Our MLB editor files dispatches from this year's Winter Meetings in Las Vegas in Notes From Sin City.
Three managers of AL East teams spoke with the media this afternoon/evening (for a more extended look at the Rays, try this), and with very little actually happening on the first day in Las Vegas, it's a good time to look at baseball's most imposing division.
The standard for excellence in the other divisions in baseball is roughly 90-92 wins. That's not the case in the East, where 95 wins are almost always required to guarantee a spot in the postseason.
For a team like the Orioles, that can be awfully intimidating. While the Yankees have their hand in virtually every free-agent pie, Baltimore is relegated to building slowly, to nurturing the farm system and hoping its young players pay off big in the near future.
"It's a great time to be an up and coming prospect in our organization," said manager Dave Trembley. But even with a collection of impressive young talent -- names like Matt Wieters, Brian Matusz, Chris Tillman, Nolan Reimold -- the O's are facing long odds and Trembley has no pie-in-the-sky aspirations, merely repeating the mantra "we have to get better."
Well, yeah, but the rub is just how much better they actually have to get.
The Red Sox and Yankees aren't going anywhere, and while the Rays offer hope that a team without limitless coffers can conquer the AL East, they also now represent a hindrance to the underclass in the division.
Joe Maddon talked about how much he loves the division his club plays in, saying it has and will "bring out the best" in his team, but will it bring out the best in the Orioles? "Once [the Rays] tasted what it was like to win, there was no turning back," said Trembley. He can only hope that the same is true for Wieters, Tillman, Matusz and the rest.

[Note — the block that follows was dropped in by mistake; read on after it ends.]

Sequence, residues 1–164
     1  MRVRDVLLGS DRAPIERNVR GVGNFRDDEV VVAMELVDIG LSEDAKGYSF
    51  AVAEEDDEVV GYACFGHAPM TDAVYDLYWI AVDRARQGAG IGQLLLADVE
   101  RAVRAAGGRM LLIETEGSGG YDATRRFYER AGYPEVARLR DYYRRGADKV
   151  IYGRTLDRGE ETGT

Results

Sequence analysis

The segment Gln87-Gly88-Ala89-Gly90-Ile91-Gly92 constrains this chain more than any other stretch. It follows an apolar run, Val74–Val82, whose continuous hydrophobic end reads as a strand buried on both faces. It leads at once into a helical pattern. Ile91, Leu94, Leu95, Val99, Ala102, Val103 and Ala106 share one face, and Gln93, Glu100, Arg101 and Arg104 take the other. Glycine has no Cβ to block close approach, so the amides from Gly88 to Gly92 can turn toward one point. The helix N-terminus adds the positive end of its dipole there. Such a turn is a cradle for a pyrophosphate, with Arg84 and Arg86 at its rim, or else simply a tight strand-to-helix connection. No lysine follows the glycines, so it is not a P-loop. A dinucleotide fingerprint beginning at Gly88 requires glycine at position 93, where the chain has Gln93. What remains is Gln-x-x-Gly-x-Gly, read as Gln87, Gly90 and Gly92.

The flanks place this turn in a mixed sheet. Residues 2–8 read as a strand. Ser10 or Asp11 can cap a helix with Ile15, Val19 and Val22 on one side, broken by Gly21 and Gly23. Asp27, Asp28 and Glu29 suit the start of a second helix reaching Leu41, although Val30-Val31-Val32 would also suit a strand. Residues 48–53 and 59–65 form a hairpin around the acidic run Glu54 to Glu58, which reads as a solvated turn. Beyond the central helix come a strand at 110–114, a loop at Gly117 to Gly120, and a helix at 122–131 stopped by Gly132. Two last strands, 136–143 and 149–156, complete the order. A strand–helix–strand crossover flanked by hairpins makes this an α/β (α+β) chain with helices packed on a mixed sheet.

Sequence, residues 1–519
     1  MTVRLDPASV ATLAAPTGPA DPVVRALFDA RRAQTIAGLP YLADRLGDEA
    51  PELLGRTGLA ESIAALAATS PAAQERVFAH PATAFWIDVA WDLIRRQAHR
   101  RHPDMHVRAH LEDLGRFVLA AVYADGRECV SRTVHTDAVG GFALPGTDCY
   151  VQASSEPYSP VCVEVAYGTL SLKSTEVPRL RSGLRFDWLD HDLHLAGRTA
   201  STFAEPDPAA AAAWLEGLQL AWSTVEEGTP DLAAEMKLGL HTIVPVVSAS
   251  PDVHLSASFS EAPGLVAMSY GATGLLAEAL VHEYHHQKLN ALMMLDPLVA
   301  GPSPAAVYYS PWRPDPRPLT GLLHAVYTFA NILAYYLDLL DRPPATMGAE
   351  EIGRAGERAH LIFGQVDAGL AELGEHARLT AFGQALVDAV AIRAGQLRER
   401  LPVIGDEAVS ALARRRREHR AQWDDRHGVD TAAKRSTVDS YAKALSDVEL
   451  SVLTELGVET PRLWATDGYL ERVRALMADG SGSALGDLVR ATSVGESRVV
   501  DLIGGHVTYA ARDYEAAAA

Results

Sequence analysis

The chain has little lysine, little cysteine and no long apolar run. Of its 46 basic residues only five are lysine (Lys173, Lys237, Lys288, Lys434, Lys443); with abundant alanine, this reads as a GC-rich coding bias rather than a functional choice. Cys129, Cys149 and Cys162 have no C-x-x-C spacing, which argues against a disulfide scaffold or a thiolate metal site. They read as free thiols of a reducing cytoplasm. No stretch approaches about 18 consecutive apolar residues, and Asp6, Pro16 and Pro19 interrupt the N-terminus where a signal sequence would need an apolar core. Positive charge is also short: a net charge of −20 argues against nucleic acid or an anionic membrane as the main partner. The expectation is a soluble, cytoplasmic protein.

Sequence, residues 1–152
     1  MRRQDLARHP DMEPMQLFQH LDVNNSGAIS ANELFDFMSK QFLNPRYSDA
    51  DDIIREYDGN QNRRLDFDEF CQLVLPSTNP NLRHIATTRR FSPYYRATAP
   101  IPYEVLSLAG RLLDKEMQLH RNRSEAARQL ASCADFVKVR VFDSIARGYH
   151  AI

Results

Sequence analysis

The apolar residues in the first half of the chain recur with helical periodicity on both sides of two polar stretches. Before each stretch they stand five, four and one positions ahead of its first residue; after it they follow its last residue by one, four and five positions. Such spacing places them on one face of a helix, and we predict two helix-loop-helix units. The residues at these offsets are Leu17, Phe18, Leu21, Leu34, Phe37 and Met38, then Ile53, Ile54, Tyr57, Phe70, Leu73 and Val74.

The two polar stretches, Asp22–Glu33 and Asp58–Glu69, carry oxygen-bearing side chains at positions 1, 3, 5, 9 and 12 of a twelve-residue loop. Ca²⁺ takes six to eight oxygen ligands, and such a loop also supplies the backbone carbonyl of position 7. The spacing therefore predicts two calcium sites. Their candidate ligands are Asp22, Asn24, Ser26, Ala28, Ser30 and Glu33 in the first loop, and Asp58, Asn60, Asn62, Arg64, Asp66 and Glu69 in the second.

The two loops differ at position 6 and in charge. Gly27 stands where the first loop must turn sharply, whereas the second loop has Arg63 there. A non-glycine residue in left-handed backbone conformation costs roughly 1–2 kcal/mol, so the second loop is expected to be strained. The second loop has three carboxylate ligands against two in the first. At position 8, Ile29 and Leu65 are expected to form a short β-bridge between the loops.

The Rays aren't going away. The Yankees are going to get several big-name free agents -- some combination of CC Sabathia, A.J. Burnett, Mark Teixeira, Ben Sheets and Derek Lowe -- and lurking are the Red Sox, who might just be the true power in the AL East these days.
If Dr. Frankenstein took the best parts of the Yankees and Rays and made them into a monster, it'd probably look something like the Red Sox do now.
They always have money to spend, but that's particularly so this winter with a number of major contracts coming off the books. "I would bet Theo [Epstein]'s checking in with everybody," said manager Terry Francona of the Sox's free-agent pursuits here in Las Vegas.
But they also have tremendous organizational depth. "We don't feel the need to go sign someone for more years than we're comfortable with," he added later.
The AL East is hard enough to handicap heading into next season. How daunting must it be then to try and climb out of the cellar of the division after a decade of futility and try to get to the top of a 95-win mountain?
Notes From Sin City: Checking In on the Best Division in Baseball, the AL East originally appeared on MLB FanHouse on Mon, 08 Dec 2008 23:20:00 EST . Please see our terms for use of feeds.